Monday, October 18, 2010


I started reading Middle Grade again. I love Middle Grade because it was at this age I fell in love with reading. I haven't been disappointed.

This weekend I finished Countdown by Deborah Wiles. It is a semi-autobiographical book about an eleven year-old girl, Franny Chapman, living outside of Washington D.C. during the Cuban Missile Crisis. (Deborah Wiles also lived outside of Washington D.C. when she was eleven and during the Cuban Missile Crisis.) It is the first of three in the "Sixties Trilogy."

This book has a very unusual format. It's been called a "documentary novel" because interwoven throughout the story are little reports on the Presidents, popular culture, and issues of the time. And every so often the story will be interrupted by a series of media excerpts. It kind of felt like little commercial breaks with newscasts: quotes from political figures, pieces of songs, LOTS of pictures, reminders to "duck and cover."

I LOVED the concept, and I hope to see more historical fiction written this way. It was a very good way of giving the reader another view into the story's world. I felt like I was living the Cuban Missile Crisis right along with Franny.

The story could have stood alone without all of this, however. Deborah Wiles really painted life for an eleven year-old, and helped me remember what it felt like to be eleven...even if I didn't live in fear of a bomb being dropped on my world:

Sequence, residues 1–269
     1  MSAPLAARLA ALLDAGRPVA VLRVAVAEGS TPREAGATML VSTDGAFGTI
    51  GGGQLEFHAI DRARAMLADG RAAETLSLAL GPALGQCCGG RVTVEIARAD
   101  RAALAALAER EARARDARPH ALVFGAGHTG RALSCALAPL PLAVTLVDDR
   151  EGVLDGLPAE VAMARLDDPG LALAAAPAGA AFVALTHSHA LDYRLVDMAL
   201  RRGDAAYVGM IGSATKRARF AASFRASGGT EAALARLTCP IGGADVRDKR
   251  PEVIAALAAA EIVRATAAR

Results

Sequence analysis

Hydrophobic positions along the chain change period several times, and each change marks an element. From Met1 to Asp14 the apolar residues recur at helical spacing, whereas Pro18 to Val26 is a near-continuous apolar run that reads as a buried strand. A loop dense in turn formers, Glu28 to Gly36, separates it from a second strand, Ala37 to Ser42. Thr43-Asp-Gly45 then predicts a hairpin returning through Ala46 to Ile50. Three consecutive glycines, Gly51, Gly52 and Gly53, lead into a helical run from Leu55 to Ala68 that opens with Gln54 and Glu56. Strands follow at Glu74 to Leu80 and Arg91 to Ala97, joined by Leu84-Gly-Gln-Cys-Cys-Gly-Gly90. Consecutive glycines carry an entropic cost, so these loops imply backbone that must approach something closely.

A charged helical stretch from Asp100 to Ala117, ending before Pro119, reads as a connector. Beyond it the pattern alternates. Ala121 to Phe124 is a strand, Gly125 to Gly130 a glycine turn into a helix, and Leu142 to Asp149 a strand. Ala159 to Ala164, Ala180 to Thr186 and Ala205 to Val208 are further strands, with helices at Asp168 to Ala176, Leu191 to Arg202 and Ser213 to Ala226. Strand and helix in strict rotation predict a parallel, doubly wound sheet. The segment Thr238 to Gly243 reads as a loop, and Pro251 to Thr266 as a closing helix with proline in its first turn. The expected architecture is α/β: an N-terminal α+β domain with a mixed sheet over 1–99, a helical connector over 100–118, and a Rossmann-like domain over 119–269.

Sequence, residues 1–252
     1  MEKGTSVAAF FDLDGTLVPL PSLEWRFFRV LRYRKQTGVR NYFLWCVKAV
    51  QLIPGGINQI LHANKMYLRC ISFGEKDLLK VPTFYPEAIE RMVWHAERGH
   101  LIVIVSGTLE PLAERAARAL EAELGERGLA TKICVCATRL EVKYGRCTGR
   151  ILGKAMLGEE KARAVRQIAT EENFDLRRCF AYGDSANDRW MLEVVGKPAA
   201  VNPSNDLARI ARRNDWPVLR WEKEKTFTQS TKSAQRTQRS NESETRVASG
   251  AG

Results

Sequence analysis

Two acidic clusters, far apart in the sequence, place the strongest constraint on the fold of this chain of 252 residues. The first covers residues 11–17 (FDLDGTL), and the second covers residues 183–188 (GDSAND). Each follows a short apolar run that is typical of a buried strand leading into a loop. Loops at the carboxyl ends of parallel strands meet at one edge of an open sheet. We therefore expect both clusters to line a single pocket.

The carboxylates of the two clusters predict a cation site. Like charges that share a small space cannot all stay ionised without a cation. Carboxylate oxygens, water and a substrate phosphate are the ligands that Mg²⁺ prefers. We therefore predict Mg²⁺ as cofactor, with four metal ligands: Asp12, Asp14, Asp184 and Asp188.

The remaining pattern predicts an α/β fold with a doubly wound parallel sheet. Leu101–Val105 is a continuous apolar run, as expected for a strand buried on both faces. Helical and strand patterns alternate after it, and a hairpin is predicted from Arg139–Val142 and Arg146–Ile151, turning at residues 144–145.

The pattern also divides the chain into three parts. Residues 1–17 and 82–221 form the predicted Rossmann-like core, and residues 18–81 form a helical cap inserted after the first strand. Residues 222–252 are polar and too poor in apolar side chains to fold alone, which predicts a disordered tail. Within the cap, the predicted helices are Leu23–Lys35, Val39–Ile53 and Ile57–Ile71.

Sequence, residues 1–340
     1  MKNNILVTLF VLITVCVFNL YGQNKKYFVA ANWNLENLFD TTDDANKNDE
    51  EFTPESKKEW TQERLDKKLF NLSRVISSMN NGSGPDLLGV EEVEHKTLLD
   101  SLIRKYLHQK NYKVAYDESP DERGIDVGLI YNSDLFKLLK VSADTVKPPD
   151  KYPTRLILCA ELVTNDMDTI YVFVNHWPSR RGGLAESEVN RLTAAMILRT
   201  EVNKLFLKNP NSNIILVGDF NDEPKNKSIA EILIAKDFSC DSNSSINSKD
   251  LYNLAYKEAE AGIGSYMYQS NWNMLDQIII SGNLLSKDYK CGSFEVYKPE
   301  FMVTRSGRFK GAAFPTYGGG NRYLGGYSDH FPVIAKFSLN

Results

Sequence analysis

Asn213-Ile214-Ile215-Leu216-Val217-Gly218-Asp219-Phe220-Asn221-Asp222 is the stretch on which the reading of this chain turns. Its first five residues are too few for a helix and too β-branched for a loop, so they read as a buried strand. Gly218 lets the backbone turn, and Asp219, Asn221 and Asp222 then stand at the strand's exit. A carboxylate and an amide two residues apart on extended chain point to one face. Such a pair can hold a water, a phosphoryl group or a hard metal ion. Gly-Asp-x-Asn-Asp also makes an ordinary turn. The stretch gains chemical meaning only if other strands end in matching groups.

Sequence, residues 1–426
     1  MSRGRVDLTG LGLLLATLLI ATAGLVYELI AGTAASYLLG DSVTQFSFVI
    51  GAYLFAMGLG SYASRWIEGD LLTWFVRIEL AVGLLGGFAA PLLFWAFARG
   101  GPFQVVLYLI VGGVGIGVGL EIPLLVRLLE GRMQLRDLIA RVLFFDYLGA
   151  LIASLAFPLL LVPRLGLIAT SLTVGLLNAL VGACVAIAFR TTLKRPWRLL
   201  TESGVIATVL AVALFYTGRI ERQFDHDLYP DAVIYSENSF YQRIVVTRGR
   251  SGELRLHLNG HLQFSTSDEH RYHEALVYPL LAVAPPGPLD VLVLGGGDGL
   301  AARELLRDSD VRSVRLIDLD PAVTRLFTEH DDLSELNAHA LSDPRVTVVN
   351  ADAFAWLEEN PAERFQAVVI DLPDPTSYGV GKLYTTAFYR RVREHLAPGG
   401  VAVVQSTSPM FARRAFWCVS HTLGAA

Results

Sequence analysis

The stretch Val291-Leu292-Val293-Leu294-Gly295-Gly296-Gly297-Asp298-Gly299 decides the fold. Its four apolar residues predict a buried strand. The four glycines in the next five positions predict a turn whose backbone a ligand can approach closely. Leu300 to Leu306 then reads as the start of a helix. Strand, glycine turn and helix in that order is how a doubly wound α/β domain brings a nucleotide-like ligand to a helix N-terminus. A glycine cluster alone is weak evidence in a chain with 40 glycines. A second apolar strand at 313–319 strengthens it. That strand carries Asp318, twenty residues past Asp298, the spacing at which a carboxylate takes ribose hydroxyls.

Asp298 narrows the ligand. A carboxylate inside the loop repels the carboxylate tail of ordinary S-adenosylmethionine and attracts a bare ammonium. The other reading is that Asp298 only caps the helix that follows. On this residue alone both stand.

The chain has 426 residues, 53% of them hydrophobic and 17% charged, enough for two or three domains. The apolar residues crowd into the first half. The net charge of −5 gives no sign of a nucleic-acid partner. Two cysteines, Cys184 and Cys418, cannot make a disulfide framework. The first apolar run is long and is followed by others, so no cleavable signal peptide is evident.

I remembered being SO ANGRY when I fought with friends. I remembered feeling shame and disgrace before a parent when I'd done wrong. I remembered vying for acceptance among my grade-school peers. I remembered wanting to please a teacher. I remembered wanting to be just like my older sister.

The story is full of all the ups and downs of the beginning of Franny's fifth-grade life. And you actually see the Cuban Missile Crisis through her eyes-not an adult's eyes. I think it is very real-to-life how a child would have perceived the threat.

I only blog book reviews if I REALLY liked the book, so this comes highly recommended. Go read it!


  1. Great review! This sounds like a wonderful book (and how awesome is that cover???).

    I just finished reading "Leaving Atlanta" which is written in much the same way, about three kids (and from their point of view) as they try to be kids during the time period of the Atlanta Child Murders. I don't know that I'd categorize it as MG (especially since it has one or two serious uses of foul language) but it feels like you are seeing that time through the eyes of those 5th grade kids.

  2. That sounds like a great book. I don't think I've heard of this, so thanks for the info. I'll have to check it out. I love MG too.

  3. Awesome review. The historical facts interwoven with the fictional story sounds really interesting.

    BTW: I thought of MG book idea. I'll have to send you the hook line I came up with.

  4. Sounds like a fun read. I'm putting that on my TBR list.

  5. Wow. TOALLY my thing! Thanks SO much! I'm curious to see what else she comes up with.